[8/15] For Our Future: This Week's Education News & More

Friends & Colleagues -

August is back-to-school time and a reminder of the trust parents place in schools to provide safety and learning to their most valuable possessions, their children. I can't help but smile at the excitement (and nervousness) of students and teachers alike as they engage in the sacred ritual between educator and pupil. This week's news brings several stories from here at home as well as the latest results from one of the country's largest education polls. As always, your feedback is welcomed, as are social media and other sharing. Here's this week's roundup:

  • [LOCAL: NEWS] New Mexico's ESSA Plan Approved by Department of Education. Coming on the heels of receiving high marks for our focus on ambitious and attainable goals, New Mexico becomes the second state to have our plan approved. We should be proud of this achievement and the hard work that went into this roadmap for modernizing our education system. We've set a high bar for all our children with a special emphasis on our most vulnerable and marginalized students.

    We as advocates must work to build belief in our plan and hold policy makers accountable to those goals, which were set in partnership with thousands of people via the New Mexico Rising Tour. We must also counter the negativity and disbelief of those like Sen. Mimi Stewart of Albuquerque who incorrectly stated that "there is “widespread hatred and dislike of both the teacher evaluations and the school grades” [a claim debunked below] and who last month told an audience in New Orleans that “We don’t know how to teach kids from poverty. They come with no skills – well, they have street-fighting skills. They’ve got a lot of skills; they’re just not academic skills.” There is simply no room in our state for policy makers who don't believe in ALL of our students and the responsibility of public education to reach every one of them, regardless of income or home situation.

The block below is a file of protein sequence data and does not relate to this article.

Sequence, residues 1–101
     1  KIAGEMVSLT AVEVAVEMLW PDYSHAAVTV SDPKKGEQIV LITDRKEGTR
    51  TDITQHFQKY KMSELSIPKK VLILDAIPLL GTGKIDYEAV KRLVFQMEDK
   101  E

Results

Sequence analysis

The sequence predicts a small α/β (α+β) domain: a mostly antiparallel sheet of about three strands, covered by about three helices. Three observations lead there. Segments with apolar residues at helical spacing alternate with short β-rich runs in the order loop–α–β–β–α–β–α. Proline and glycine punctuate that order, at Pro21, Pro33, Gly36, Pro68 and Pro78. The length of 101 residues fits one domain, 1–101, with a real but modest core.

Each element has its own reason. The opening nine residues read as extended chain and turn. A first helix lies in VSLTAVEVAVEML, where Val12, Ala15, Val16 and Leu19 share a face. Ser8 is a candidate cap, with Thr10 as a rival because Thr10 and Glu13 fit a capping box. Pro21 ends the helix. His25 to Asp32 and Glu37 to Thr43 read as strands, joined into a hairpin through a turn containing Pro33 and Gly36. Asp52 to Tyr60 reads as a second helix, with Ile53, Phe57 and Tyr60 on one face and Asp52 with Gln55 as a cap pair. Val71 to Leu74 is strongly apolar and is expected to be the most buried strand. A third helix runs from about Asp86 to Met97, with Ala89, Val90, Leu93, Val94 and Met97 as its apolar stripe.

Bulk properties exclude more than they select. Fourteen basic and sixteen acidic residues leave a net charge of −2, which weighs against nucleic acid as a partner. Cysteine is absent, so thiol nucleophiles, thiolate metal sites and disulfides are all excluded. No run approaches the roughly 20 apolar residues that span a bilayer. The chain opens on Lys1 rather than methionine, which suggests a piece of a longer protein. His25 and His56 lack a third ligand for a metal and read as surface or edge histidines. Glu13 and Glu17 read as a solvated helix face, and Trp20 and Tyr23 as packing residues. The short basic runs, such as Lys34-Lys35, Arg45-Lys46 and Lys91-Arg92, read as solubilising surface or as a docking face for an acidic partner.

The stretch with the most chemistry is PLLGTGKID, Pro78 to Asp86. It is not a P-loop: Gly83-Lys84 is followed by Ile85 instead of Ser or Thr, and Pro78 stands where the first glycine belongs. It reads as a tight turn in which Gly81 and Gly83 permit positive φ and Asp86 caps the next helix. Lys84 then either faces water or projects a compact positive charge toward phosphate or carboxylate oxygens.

• [LOCAL: NEWS] Albuquerque Public Schools (APS) Releases New Academic Master Plan. In a long overdue move, APS has updated and shared their overarching vision for the path to improvement for our state's largest school district. The plan outlines three overarching goals (early learning, college and career readiness, and developing the whole child) alongside a concept titled "Learning Zones" which divides the district into four geographically bound zones:

         - LZ-1 consists of Albuquerque, Highland and Manzano high schools and their feeder schools;
         - LZ-2 is made up of Atrisco Heritage, Rio Grande and West Mesa high schools and their feeder schools;
         - LZ-3 includes Cibola, Valley and Volcano Vista high schools and their feeder schools; and
         - LZ-4 consists of Del Norte (the high school I dropped out of), Eldorado, La Cueva and Sandia high schools and their feeder schools.

    While the ideas in the new master plan are sound and worth exploring, this (as with any policy/strategic initiative) will boil down to implementation and commitment to goals. And speaking of goals, you won't find many in the plan yet. None of the three goal areas provide any quantitative goals to speak of, which is troubling. I'm a believer in setting visionary, feasible quantitative and qualitative goals to drive actions, with benchmarks to measure progress along the way. Perhaps APS and Superintendent Reedy will revisit our top-rated ESSA plan, which garnered bipartisan praise for its ambitious, equity-minded goals, and incorporate the smart work already done there.